The word for servant (talya) is interchangeable with child. The word receives is the same word for welcomes in 6:11.  It means taking care of the weaker members of the community – those who are in most need of being served.  Children were at the bottom of society’s social ladder.  Childhood was a time of great danger.  30% of live births ended in death.  Disease and lack of hygiene caused 60% of children to die by the age of 16  (Birmingham, W&W, 656).  Jesus turns everything upside down for us.  We are supposed to be more like children (or servants) to receive Him.  How do we do this?  Again, it is all about the love…

Scripture Commentary for 8th Sunday in Ordinary Time, Cycle A

1st Reading:  Isaiah 49:14-15

One can only imagine Israel’s hopelessness.  There is nothing harder to bear than to have the one you counted on the most desert you in the midst of despair.  Because of what Israel perceived to be God’s non-action in their Babylonian captivity, they felt they had been completely abandoned by their God.  But today’s word of the Lord has spoken.  Human beings are a part of God – the womb of God – never to be forsaken or abandoned.  God always forgives, invites, and tenderly caresses those who are God’s children, God’s own (Birmingham, W&W, p. 403).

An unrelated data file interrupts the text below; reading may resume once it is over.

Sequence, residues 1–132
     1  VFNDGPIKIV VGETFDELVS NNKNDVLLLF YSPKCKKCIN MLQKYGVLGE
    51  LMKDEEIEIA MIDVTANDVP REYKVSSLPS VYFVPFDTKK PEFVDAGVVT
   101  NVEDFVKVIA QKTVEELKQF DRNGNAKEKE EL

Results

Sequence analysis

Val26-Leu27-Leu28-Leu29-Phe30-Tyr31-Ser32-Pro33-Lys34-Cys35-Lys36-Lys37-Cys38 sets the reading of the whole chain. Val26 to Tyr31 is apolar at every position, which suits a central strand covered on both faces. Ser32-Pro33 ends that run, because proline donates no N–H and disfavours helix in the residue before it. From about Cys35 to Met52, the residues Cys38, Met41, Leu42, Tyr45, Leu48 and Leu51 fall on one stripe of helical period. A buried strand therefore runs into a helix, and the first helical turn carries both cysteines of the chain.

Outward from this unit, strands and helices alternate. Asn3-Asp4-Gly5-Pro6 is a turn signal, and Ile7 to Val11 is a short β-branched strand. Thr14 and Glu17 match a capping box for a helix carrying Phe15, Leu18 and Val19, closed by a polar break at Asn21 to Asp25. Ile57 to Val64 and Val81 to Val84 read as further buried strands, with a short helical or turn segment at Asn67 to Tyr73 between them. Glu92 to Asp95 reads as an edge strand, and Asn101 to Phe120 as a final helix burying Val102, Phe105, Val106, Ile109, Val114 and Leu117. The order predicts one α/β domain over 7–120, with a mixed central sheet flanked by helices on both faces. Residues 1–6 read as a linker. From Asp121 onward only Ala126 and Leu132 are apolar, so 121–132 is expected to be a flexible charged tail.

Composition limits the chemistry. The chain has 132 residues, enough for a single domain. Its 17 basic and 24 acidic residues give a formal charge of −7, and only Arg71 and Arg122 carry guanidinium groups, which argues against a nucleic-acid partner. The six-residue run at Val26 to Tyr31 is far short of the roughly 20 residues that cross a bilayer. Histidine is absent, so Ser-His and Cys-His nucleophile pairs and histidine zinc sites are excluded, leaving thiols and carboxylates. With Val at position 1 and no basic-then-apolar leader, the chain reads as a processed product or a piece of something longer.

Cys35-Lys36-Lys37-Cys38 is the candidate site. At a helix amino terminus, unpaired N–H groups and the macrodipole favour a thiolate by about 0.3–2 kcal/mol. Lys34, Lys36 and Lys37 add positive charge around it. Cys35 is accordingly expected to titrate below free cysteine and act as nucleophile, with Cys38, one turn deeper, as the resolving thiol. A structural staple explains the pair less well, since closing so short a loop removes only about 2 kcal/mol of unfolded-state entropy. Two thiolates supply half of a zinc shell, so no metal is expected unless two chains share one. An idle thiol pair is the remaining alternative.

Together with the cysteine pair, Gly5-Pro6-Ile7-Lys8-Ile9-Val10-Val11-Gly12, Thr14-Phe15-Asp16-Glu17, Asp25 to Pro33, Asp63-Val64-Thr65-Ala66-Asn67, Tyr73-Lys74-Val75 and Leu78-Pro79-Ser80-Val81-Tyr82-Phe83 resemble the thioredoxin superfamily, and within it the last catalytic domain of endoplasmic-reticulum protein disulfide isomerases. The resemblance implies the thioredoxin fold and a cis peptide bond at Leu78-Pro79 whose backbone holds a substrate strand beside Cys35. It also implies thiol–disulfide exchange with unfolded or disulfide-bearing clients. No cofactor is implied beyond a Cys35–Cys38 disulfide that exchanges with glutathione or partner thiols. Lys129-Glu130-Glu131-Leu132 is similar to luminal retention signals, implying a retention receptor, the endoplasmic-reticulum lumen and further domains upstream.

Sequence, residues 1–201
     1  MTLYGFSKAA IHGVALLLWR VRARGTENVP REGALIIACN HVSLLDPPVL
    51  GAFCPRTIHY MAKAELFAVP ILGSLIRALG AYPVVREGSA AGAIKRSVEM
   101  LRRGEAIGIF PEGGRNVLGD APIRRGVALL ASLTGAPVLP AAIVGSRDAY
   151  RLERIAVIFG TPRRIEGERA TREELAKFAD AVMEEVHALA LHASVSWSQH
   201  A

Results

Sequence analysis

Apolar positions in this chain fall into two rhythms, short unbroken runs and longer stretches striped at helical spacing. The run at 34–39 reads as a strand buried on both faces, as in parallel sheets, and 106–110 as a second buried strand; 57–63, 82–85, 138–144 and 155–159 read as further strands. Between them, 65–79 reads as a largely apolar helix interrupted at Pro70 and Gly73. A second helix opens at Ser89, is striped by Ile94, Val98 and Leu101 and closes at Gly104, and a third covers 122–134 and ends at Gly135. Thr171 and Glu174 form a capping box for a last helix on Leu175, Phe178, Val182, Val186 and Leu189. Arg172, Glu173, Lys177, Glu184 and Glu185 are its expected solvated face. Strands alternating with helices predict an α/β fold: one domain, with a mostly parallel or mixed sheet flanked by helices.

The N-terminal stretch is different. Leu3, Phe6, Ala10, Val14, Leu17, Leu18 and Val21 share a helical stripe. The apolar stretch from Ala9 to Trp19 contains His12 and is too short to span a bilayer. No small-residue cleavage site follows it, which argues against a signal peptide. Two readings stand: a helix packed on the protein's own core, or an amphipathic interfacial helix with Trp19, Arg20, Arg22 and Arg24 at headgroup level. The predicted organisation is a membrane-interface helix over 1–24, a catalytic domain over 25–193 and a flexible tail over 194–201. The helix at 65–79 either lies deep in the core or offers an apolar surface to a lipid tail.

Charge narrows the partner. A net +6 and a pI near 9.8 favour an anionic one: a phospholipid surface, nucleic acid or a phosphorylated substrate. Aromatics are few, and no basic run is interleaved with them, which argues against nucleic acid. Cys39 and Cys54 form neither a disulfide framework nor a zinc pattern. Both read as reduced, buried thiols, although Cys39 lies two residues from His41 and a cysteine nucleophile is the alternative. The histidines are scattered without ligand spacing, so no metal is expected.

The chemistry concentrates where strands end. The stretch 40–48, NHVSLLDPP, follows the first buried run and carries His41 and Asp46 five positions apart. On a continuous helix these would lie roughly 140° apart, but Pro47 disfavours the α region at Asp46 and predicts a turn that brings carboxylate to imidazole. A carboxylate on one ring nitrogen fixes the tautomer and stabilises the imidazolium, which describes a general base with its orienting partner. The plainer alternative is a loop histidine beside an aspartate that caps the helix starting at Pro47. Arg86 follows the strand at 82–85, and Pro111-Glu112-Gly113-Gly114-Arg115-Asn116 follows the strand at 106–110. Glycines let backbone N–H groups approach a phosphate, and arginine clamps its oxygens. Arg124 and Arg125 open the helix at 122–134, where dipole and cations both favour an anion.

Henry David Thoreau said, “Most men lead lives of quiet desperation and go to the grave with the song still in them.”  This is not the life God wants for us!  God’s loving grace is a free gift for us…poured out in abundant supply.  God wants us to know we belong to God, never to be forgotten.  Have you ever felt forsaken?  Can you think of others out there who do?  Bring this to the Lord.

2nd Reading;  I Corinthians 4:1-5

You can almost hear in this reading how Paul is trying to defend himself and who he stands for (who, of course, is Jesus Christ).  He is humbling himself.  He explains that we are meant to be servants and stewards of God, despite not even completely understanding God’s mysteries.  He was not concerned about how he might be judged  because he felt his conscience was clear.  His actions were between him and God.